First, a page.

An aphid has also set up home, and given birth to live young several times recently.
|Day 27 and more flowers show infection.|
|Day 97 / 3 months.
Flowering well over, this plant actually set seeds in the unaffected flowers that it produced.
The remaining flower stems are showing elongated darkened areas. There is usually a browning off and dying of these stems (and leaves) at this time, but I think that these particular patches are downy mildew infection.
|It's now wintertime, nearly the solstice here in South
Wales, UK. Mild and wet.
I went looking for the plant to get the latest photo of what is happening. I found the plant label. It looks as if the plant has died. Although sometimes a dormant aquilegia may not be very visible at all, usually they like to poke their noses up out of the soil.
Portrait 3: Disease progress in a plant
|Here's the third plant shown in the first table above. It is
the one to the right of the group of three plants.
Nice strong plant with plenty of healthy foliage.
Or is it?
Closer inspection shows possibly infected leaflets on a flower-stem leaf, and browning of another leaf. Some buds are discoloured and are carried on particularly kinky stems. As there's no obvious mollusc damage to the stem (and the plant never wilted), I postulate that it could be that infected tissue shows abnormal response to gravity, so causing the strange distortion.
|At 15 days, I spot an unusual white-silver effect on a leaf.
||There are also browner areas though I cannot find any of the typical yellowy areas on any leaf. The underside of the leaflet shows no fungal growth, although slugs have shown an interest, and also have eaten part of a bud.|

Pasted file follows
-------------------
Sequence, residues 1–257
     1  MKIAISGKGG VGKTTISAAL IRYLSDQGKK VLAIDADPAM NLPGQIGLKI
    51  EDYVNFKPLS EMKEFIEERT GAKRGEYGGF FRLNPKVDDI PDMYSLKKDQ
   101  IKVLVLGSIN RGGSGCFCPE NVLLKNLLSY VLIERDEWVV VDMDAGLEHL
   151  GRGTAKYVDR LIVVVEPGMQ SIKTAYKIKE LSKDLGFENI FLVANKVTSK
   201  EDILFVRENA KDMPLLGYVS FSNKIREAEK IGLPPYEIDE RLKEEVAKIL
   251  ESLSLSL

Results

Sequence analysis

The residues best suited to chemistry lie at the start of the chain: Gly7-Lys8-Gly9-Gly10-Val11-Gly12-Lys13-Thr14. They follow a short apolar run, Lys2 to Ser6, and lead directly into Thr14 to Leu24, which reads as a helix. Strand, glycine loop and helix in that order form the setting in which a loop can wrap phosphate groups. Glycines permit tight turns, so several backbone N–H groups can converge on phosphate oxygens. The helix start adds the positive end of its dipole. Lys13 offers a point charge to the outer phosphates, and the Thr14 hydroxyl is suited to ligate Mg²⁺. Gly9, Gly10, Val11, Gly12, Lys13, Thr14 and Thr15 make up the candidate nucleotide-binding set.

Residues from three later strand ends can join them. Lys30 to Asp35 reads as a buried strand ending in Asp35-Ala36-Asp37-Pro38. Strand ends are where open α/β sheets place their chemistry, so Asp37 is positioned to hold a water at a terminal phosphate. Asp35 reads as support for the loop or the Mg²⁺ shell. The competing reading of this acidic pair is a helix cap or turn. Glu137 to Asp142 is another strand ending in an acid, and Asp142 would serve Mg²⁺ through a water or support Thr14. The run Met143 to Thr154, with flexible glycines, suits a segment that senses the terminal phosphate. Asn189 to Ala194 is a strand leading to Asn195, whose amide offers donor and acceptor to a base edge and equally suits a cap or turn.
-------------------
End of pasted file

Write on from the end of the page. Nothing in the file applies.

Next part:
|By 19 days this plant is still looking almost unaffected except for the flowers and upper flowering stems. The leaves are strong and healthy and most of the dark discoloration seen is unlikely to be DM.|
|At Day 31 there's still good flowering with most flowers uninfected, but the infected ones are very browned and dried looking.|
|Day 97 (3months)
Leaves look very bedraggled and holey, although it doesn't look like any obvious downy mildew infection, rather than just wear and tear as the season finishes.
The old flower/seed stems are another matter and all show light mottling where molluscs have eaten the outer surface due to downy mildew.
|Seed setting time, and most pods are twisted and unfilled,
possibly because of downy mildew. However, some hybrid
aquilegias find it hard to set seeds, and this could be one of
A few seeds are set in some pods, plus debris from aborted ova.
Do not keep seeds from infected plants, we don't yet know if seeds could be either contaminated with or contain spores. See below, last row, center column.
|It is now December. Winter. What's happening now?
I investigated the naturally fallen stems and cleared them away to find bare soil. It looks as if this plant, too, has died unless it's completely under the soil surface at the moment.
|Seeds are unlikely to carry DM. I wonder whether any spores
could be carried on the seed surface? I, and
other research establishments, are looking at DM & seeds.
Meanwhile it is very sensible not to use seeds from affected plants.
I will now recommend that gardeners check ALL aquilegia seedlings for signs of downy mildew, and, if seen, get rid of the whole pot and contents.
If typical lightish yellowy, angular areas appear on small seedlings' leaves, or whiter, upright growth of systemically infected seedlings, again get rid of the whole potful. Please let me know if you suspect DM in your seedlings (either self-sown ones or in pots), especially if you can take photos.